The Vermont Zen Center is a Buddhist community, founded to provide a warm and inviting place for the study and practice of Zen Buddhism. The Zen Center’s mission is to create a peaceful and inviting environment to support those who seek wisdom, compassion, joy, and equanimity within a Buddhist context. The twofold practice of the Center is to overcome the causes of suffering through spiritual development and to alleviate the world’s suffering through outreach activities and the cultivation of a caring attitude to the earth.
The Zen Center was established by Sunyana Graef, Roshi in 1988 with two members who, along with the Graef family, practiced in a room in the Graef’s home. By 1991 the Center had outgrown its small quarters and moved into a house just down the road. The generosity of members and friends allowed for the purchase of the house, and the Center soon began building a meditation room (zendo) and planting extensive gardens.
A major expansion of the Zen Center was completed in 2003 adding dorms, a large kitchen, dining room, and common rooms. A second major expansion was completed in August 2011. It added a new meditation room (zendo), a reception room and additional dorms, completing our retreat facility. The former zendo is now a Buddha Hall used for chanting, ceremonies, and other purposes. A final building project added a small house for solo retreats which is available for rent to the public. The Center now has a comfortable site for conducting sittings, sesshins (retreats), ceremonies, study groups, and other activities.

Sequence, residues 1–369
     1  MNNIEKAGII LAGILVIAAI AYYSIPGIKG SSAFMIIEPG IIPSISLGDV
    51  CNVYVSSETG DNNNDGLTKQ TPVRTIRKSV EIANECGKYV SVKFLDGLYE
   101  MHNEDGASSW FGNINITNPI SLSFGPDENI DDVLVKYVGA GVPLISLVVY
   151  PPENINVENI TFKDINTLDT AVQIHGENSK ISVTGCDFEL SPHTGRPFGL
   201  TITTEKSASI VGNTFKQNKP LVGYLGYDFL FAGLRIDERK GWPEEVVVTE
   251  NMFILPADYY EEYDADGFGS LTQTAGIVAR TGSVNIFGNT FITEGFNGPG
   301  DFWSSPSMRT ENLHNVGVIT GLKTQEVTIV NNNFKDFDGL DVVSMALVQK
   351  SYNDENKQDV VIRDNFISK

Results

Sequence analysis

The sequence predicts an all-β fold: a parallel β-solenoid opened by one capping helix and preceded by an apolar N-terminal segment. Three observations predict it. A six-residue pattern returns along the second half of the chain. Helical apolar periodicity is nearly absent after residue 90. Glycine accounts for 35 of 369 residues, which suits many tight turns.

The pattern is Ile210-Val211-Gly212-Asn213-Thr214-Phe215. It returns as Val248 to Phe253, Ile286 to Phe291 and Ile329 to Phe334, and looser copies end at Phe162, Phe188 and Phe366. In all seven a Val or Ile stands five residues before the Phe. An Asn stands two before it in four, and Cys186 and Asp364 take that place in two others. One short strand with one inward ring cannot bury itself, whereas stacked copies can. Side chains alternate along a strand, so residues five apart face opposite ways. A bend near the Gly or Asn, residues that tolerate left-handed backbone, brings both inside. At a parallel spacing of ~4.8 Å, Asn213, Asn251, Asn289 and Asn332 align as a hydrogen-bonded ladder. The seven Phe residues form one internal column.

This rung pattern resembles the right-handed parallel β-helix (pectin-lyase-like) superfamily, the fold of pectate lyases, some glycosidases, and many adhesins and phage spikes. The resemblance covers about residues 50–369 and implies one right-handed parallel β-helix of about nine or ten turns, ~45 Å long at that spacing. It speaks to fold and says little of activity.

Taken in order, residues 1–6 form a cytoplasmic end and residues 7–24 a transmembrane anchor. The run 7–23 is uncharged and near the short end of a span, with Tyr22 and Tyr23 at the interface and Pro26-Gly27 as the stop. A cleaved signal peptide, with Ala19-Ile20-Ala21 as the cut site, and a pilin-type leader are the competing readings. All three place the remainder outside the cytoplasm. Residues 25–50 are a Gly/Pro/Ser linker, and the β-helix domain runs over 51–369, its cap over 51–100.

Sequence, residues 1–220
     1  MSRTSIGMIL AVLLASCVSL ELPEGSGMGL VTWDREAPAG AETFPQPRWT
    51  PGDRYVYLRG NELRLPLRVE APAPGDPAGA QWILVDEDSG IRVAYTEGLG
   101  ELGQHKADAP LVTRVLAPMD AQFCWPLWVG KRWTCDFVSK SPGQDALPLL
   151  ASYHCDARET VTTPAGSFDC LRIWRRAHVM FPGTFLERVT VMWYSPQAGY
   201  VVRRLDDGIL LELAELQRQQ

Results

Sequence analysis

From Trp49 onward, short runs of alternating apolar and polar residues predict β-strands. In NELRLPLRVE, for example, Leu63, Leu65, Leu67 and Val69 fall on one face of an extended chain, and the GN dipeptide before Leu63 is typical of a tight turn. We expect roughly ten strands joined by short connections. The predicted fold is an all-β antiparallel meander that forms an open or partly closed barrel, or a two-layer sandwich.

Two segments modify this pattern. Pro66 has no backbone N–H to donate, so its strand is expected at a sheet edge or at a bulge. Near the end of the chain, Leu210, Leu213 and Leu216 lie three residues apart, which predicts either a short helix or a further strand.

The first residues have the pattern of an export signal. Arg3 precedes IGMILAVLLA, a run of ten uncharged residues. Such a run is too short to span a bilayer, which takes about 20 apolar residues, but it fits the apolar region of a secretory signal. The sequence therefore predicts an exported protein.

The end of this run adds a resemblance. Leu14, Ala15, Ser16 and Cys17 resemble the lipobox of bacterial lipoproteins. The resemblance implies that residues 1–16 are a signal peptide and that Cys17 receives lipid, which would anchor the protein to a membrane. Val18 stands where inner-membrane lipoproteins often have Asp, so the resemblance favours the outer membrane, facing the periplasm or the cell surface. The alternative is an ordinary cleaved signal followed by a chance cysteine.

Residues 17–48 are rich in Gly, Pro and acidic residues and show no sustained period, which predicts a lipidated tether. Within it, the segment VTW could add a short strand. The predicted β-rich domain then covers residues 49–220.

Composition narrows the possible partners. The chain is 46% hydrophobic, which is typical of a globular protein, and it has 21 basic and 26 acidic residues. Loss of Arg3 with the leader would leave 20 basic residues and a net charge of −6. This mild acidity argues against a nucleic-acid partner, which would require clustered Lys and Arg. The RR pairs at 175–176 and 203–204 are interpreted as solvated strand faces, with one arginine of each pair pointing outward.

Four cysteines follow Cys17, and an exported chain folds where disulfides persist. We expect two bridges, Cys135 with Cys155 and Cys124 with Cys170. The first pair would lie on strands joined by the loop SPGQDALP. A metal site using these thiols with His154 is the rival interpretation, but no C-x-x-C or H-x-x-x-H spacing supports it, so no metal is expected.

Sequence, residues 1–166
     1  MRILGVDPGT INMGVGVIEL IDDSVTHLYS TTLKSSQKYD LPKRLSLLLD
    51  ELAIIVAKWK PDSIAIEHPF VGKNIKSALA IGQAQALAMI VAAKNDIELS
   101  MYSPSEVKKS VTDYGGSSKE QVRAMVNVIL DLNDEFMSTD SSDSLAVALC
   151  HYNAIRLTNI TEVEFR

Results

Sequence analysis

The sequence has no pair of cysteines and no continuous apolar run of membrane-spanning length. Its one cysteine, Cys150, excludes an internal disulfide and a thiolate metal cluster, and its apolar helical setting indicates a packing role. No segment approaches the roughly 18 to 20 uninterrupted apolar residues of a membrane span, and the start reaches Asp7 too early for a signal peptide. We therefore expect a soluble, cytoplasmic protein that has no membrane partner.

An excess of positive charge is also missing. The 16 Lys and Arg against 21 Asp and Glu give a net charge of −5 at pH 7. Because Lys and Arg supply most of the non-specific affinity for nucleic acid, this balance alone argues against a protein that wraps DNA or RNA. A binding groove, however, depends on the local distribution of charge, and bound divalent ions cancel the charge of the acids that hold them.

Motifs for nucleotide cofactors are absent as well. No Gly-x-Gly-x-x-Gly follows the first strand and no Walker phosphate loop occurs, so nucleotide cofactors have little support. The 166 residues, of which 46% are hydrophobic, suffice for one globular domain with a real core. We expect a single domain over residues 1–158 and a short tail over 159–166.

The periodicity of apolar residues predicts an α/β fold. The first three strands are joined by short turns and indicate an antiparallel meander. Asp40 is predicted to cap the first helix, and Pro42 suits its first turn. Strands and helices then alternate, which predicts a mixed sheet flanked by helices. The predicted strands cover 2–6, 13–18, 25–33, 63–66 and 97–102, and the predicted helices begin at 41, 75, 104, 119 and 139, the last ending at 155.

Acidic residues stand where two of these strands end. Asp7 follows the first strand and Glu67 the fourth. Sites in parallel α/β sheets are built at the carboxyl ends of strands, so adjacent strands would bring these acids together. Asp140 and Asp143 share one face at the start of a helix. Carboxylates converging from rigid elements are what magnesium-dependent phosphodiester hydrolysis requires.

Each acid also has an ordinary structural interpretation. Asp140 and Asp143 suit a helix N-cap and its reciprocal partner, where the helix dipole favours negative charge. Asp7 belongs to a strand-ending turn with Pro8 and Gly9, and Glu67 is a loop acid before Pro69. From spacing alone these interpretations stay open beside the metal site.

The methods of Zen Buddhism practiced at the Vermont Zen Center stem from those taught by Roshi Philip Kapleau, whose teachings were in turn influenced by Zen Master Harada Daiun Roshi’s blend of the ancient sects of Soto and Rinzai Zen.
The foundation of our practice is zazen, which means sitting with one-pointed concentration. Zen practice is expressed in daily life through the attentiveness and awareness which we bring to every single moment. Our sitting practices include both shikantaza and breath awareness, as is commonly done in the Soto Zen tradition. It also includes koans, or spiritual inquiries, as in the Rinzai tradition. In the zendo we sit facing the wall rather than facing out. Most chanting and liturgical recitation is done in English.
Zen training arises out of the Buddhist tradition but can serve as a valuable adjunct to any religion, calming and centering the mind, and promoting stability, mindfulness, and clarity.